Frieze sponsor Ruinart hosted a four-course dinner at the beachfront hotel Shutters on the Beach in Santa Monica, where guests, wearing ribbons made by artist Andrea Bowers, enjoyed several types of champagne . BMW is sponsoring Frieze Music, an evening of live music taking place Friday at the Hammer Museum. (“This is the first time we’ve done it here,” Mr. Fox said of the museum, affiliated with the University of California, Los Angeles. “It attracts a younger crowd.”)

The opening of Frieze Los Angeles on Thursday attracted celebrities including Jessica Biel, Leonardo DiCaprio, Robert Downey Jr., Tobey Maguire, Rob Lowe, Luke Wilson and Owen Wilson. But Frieze Week began unofficially Monday evening at the Getty Villa, an art museum on the Malibu Coast in Los Angeles’ Pacific Palisades neighborhood.

The event opened with a champagne reception held in the museum’s famous courtyard, flanked by fluted pillars and filled with Roman antiquities. Guests, including artists like Lauren Halsey, wealthy collectors like Ric Whitney, and tastemakers like Rocky Barnes and Balthazar Getty, snacked on sliders and cheese plates before watching a dramatic ballet choreographed by Benjamin Millepied .

Some guests ventured into the galleries, admiring masterpieces like a statue of Hercules created around 125 AD. During breaks in the rain, they walked through well-kept, illuminated gardens.

“It’s a really exciting opportunity for Los Angeles to show off,” said Casey Fremont, executive director of the Art Production Fund, a nonprofit that produces public art projects. “The art world in Los Angeles is booming. There are artists moving here, there are galleries coming to Los Angeles. »

Mr. Getty, an actor, musician and patron whose family owns the museum, attended with his wife, the fashion designer Rosetta Millington, and some of his five children. “Parties here are always fun because it’s a family affair, but I love that Los Angeles is more and more a place where art is taken seriously.”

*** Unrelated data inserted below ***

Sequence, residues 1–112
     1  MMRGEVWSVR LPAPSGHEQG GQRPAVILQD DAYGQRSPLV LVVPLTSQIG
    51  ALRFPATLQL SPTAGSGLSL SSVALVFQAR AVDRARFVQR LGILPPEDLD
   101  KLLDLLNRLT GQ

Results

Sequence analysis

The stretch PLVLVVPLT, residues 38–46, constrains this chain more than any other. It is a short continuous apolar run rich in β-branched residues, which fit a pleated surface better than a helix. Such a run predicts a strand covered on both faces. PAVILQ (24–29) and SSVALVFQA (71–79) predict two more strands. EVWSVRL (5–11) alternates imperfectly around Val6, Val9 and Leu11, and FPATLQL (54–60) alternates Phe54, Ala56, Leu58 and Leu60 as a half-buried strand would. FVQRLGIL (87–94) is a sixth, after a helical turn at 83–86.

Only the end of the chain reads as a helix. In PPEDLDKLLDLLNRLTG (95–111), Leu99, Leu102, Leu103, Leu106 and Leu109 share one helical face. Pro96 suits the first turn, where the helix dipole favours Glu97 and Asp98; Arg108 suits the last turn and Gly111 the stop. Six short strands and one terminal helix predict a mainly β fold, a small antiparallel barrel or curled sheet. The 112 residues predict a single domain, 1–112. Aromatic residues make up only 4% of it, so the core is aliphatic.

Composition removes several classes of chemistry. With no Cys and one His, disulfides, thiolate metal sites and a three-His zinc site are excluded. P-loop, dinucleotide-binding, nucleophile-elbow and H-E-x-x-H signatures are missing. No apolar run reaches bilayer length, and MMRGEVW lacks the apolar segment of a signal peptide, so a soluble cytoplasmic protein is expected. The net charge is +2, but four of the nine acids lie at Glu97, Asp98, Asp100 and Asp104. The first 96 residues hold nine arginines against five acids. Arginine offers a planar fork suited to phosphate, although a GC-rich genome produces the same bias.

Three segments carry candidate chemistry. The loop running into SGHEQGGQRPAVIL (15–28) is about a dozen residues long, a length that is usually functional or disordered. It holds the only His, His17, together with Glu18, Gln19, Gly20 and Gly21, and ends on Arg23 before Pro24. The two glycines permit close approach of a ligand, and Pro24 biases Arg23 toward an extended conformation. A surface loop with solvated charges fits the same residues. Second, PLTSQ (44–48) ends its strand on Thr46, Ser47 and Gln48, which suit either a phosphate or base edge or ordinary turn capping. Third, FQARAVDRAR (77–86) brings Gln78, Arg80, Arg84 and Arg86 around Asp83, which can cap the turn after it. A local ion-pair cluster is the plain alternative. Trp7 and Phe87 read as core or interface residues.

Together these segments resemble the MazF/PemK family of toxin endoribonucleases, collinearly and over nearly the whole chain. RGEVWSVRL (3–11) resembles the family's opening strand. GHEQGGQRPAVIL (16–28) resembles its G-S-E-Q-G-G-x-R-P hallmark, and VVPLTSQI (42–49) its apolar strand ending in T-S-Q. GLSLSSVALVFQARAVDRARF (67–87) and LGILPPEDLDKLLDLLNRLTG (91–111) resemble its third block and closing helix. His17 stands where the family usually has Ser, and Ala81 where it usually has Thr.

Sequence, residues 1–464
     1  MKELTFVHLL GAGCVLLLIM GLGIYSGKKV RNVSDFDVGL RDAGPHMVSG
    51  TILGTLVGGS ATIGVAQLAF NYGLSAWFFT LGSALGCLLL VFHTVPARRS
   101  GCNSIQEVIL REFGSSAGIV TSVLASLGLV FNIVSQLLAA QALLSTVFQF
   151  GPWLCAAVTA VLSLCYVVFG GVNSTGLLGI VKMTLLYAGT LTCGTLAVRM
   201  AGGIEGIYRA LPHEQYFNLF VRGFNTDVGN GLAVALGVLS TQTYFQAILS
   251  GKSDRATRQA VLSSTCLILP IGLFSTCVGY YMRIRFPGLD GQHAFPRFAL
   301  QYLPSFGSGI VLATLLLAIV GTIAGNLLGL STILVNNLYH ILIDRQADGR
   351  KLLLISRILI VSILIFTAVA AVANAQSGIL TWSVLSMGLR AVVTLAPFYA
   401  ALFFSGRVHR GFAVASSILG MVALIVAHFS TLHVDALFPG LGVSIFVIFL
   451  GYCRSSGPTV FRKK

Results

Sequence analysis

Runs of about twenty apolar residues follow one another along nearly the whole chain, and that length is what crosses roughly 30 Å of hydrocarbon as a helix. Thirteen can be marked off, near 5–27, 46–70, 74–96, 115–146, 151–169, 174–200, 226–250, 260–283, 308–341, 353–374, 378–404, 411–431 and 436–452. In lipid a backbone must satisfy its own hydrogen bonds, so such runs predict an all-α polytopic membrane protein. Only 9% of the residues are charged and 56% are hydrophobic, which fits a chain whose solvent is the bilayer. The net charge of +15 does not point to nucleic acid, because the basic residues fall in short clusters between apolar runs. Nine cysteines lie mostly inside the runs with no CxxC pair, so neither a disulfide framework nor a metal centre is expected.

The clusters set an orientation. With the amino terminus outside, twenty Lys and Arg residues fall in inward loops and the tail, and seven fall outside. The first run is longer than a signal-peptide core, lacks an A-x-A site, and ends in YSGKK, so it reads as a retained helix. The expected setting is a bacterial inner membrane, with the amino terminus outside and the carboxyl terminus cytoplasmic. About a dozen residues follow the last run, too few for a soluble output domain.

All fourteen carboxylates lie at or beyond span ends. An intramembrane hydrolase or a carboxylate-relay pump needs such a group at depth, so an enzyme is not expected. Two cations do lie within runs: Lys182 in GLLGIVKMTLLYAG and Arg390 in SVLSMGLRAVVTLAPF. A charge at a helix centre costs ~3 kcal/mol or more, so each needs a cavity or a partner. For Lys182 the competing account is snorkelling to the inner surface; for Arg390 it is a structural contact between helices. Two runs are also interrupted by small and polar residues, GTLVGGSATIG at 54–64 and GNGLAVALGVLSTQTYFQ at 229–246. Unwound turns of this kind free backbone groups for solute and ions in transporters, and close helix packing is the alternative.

“People made fun of Los Angeles, saying it was just sunbathing and talking about movies,” he added. “But look at all this culture, this food, this art, this music and this fashion. LA is no longer New York’s little brother. He stands on his two feet. »

Michael Govan, executive director and director of the Los Angeles County Museum of Art, said he can’t wait to see what the newcomers will do during Frieze Week. “Everything fascinates me,” he says, laughing. “I plan to discover something new. I will be surprised.

One reason LA Frieze Week has attracted such an international audience is the weather, said Adam Cohen, who apprenticed with Larry Gagosian and now runs his own gallery, A Hug From the Art World, in Manhattan. “I think people like to come to Los Angeles in February.”

While Los Angeles has experienced above average precipitation This winter, the weather finally turned warm and sunny on Wednesday, and locals and visitors were ready to party.

Some went to Melrose Hill, where the David Zwirner Gallery was throwing a party at a trendy Italian restaurant down the street from its new location in two former 1930s prop warehouses. Artists and collectors came all night to drink natural wine and feast on platters of steak, arancini and focaccia.

Lana Del Rey, Jwan Yosef, David Dobrik, Zachary Quinto and Tyler Mitchell, the photographer best known for his Vogue cover of Beyoncé, headed to West Hollywood, where the Serpentine Americas Foundation launched a rage against the estate of Matthew Orr and Sybil Robson Orr, an American film producer who is part of Walmart’s Walton family. Hundreds of guests danced around the pool with a breathtaking view of the city to the sounds of a DJ. Others mingled in the pool house where one of the many bars was set up.

Around midnight, the crowd dispersed to rest before the art fair began the next day.

One guest was heard exclaiming as he left: “I went to four parties tonight. This never happens in Los Angeles. »